Jason was only an occasional bushwalker, so as he climbed the steep mountain trail, he appreciated his new iron-rank attributes. He hadn’t become a sculpture of perfection like Farrah and Rufus, but it was still a solid step up.

Jason’s guide on the waterfall track was a man of late-middle years named Hiram. Hiram’s job was to watch over the aperture that was the source of the waterfall. Jason had met him the night before, with Hiram agreeing to take Jason along when he started his shift in the morning.

Hiram was shorter than Jason, who was not tall, but with a barrel chest and limbs of thick, ropy muscle. He guessed the shorter man outweighed him by a good margin, and that compact power didn’t go to waste. He was hauling a backpack half his own size up the mountain, yet barely seemed to notice the weight.

Moisture from the huge waterfall scattered over the mountainside. Farrah had told him that the water had a strong power of vitality, allowing the mountain’s thick tree cover to grow up, even under the desert sun. The dense canopy gave the trail blessed shade, but the heat still made its presence felt. The heat of the desert and the moisture from the waterfall made the air thick and heavy, almost a chore to breathe. Jason reflected that this small patch of desert felt more like a jungle.

There were regular stopping points along the trail, with benches to pause and rest. Hiram didn’t seem to need them, but didn’t begrudge Jason. Each resting spot was placed close to where the tree line met the waterfall, where the air was cooler and anyone resting could look out over the village. With every stop on the ascent, each being higher than the last, the view became more and more magnificent. Jason grew up in a little tourist town and knew the kind of money a place like this could make. He suspected his new world didn’t see a lot of tourism.

“The flesh-eating monsters wouldn’t help.”

“What’s that?” Hiram asked.

“Nothing,” Jason said. “Best get going again, I guess.”

The roar of the waterfall grew louder as they closed in on the point where it erupted from the side of the mountain. The trees became smaller and thinner as they approached the upper tree line.

“Getting close, now,” Hiram said loudly over the noise of rushing water. “These trees are around the same height as the fall, so only the closest ones see a lot of moisture.”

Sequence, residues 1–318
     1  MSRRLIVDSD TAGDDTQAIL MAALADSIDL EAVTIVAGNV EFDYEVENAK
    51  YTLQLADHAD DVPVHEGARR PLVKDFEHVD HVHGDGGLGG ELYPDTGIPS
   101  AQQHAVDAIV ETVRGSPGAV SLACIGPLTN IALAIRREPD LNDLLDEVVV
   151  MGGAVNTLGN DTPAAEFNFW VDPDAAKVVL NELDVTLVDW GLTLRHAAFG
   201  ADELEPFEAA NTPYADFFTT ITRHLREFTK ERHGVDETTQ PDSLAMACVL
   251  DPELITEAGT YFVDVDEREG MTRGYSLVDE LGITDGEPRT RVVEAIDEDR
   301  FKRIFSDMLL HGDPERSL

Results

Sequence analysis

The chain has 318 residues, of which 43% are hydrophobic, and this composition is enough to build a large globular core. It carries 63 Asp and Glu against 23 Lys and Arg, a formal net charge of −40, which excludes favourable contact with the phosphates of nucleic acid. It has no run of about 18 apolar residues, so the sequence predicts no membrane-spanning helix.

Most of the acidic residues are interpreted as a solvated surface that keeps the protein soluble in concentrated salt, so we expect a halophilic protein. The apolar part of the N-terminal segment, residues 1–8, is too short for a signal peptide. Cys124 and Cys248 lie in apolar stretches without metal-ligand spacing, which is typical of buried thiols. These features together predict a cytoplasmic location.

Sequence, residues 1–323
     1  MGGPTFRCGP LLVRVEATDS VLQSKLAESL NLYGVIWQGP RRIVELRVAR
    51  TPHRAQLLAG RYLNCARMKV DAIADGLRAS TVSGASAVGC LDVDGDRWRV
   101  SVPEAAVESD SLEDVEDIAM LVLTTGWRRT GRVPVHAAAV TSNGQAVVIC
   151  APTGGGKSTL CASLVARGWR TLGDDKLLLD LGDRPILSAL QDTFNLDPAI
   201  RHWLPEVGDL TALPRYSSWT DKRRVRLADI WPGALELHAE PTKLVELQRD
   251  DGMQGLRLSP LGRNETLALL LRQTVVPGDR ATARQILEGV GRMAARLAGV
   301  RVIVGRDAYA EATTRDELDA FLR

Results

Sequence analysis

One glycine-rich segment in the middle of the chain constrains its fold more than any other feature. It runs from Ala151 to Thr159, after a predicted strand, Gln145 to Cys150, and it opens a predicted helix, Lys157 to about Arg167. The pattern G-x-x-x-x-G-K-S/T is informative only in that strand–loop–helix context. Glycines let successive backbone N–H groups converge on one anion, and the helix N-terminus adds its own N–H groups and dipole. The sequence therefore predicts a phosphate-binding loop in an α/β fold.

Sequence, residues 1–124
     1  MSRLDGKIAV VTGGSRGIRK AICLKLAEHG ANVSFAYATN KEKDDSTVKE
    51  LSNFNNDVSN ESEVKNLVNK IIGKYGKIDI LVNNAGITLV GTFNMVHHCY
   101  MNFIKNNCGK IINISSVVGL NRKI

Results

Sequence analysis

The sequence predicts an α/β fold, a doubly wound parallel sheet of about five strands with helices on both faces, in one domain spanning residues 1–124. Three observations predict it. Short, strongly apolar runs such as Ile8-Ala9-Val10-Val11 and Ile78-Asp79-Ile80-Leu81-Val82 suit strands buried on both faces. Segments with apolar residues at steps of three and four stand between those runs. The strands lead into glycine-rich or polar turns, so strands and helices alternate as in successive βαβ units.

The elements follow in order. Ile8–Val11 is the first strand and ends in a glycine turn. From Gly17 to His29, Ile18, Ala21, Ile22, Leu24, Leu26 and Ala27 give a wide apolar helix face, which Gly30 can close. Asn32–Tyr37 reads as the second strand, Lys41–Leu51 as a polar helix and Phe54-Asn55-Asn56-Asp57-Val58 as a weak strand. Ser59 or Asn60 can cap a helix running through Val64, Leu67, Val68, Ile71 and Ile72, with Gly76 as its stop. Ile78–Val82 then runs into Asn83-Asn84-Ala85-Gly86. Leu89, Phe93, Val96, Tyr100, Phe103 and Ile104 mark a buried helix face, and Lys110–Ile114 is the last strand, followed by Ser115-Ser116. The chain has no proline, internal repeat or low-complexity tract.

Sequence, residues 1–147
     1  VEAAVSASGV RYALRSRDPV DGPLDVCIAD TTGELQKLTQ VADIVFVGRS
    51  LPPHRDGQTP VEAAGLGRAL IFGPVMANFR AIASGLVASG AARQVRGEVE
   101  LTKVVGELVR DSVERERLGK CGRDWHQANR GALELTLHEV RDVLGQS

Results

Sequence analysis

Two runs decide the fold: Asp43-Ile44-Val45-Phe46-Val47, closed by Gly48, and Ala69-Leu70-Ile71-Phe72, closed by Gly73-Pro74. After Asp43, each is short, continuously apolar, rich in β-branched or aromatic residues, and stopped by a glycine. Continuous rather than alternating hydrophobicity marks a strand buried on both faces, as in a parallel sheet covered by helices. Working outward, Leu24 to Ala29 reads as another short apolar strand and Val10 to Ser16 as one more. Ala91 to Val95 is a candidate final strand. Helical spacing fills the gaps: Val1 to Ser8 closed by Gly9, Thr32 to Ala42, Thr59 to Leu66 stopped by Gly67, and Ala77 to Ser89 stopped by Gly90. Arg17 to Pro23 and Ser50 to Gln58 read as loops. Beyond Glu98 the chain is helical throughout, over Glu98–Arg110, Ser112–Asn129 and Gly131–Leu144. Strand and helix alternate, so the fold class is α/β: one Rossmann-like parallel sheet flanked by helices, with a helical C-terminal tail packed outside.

The sound of the waterfall grew to a cacophony where they had to shout to hear each other. The final stretch of the trail was actually a cave that led into the mountain. There was a wooden walkway with grit glued on for purchase and a magic lamp to light the way. Jason was unpleasantly reminded of the cavern he had navigated below the Vane estate hedge maze.

It was the first time he had seen wood used in construction since arriving in the village. Even the doors were made of woven reeds, suggesting the village didn’t have much of a crime problem.

Once they entered the cave, the thundering sound of the waterfall was amplified in echo, making even shouts a futile effort. The cave was filled with wet air and they moved forward carefully. Hiram had the respect for the slippery boards that Jason had learned the hard way.

When lit up by lamplight on glistening stone walls, the cave was actually quite pretty, with much of the stone being marbled green. Compared to the humid exterior, cold, clean air blew over them from the tunnel. Jason enjoyed the refreshing feeling as they made their way toward the light he could see at the far end.

As they closed on the end of the tunnel, a cool mist started wafting towards them. They reached the end of the tunnel and stepped out into a stone chamber. The first thing he noticed was the light, blue and shimmering, glinting off the mist. It gave the whole chamber the feel of being underwater.

The chamber looked like it had once been a natural cavern, later carved into more practical dimensions. The ceiling was untouched from the original cave, but the floor had been worked flat, with grooves cut into it for traction in the wet.

The chamber’s most arresting feature was the back wall, which wasn’t a wall at all. A torrent of water, blasted in one side of the room and out the other, through a tunnel taller and deeper than the chamber itself. The whole chamber looked oddly like a subway station, with the rushing water in place of a train.

There was a fence of vertical bars in front of the water, like a safety rail going floor to ceiling. There was a gate in the middle of the fence, although Jason could imagine no reason to go through it. The water looked like it would rip off any limb someone was foolish enough to shove into it.

Velocity kept the water on course instead of spilling into the room; gravity wouldn’t win out until the water escaped the mountain. More than a little spray still escaped, filling the chamber with wet mist. It left the walls and floor slick with water, quickly making Jason and Hiram the same.

The water was also the source of the blue light. Either there were powerful magic lamps behind it, or the water had its own luminescence. Jason would have asked Hiram, but any attempt to talk would be futile over the sound of water.

Hiram went to the side of the chamber, where Jason noticed a glazed window set into the wall. Through the window was a second chamber, cut deeper into the mountain. Inside, a young man in a comfortable chair was giving them a wave.

There was a metal door along from the window, which Hiram opened and led Jason though. Beyond was a small antechamber, barely big enough to hold both men. A lamp was set firmly into the wall for light, next to another metal door, but Hiram didn’t open it. With a door between them and the main chamber, the din from the water was greatly reduced. Jason noticed that there seemed to some kind of seal around the door to keep the moisture out.